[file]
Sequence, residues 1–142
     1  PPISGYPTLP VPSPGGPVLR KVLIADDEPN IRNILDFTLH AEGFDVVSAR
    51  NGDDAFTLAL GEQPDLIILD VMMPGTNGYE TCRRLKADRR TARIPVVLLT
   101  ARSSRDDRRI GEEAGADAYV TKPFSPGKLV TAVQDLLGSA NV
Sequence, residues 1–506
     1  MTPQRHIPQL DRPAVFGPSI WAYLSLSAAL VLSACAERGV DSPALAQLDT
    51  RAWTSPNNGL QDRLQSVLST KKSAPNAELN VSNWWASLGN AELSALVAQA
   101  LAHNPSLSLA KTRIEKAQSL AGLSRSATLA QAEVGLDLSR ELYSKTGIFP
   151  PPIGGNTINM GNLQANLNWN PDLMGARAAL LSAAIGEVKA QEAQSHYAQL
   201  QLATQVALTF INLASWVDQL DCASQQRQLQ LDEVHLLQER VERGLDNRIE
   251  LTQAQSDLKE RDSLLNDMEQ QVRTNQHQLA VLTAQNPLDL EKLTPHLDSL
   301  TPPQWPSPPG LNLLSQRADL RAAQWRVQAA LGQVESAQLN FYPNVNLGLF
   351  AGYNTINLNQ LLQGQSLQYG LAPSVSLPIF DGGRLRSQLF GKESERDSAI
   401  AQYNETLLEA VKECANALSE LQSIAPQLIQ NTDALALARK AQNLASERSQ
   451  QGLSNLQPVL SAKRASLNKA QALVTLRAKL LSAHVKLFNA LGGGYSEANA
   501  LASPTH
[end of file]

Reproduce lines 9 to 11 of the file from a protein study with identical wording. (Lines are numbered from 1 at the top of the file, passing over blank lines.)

   151  PPIGGNTINM GNLQANLNWN PDLMGARAAL LSAAIGEVKA QEAQSHYAQL
   201  QLATQVALTF INLASWVDQL DCASQQRQLQ LDEVHLLQER VERGLDNRIE
   251  LTQAQSDLKE RDSLLNDMEQ QVRTNQHQLA VLTAQNPLDL EKLTPHLDSL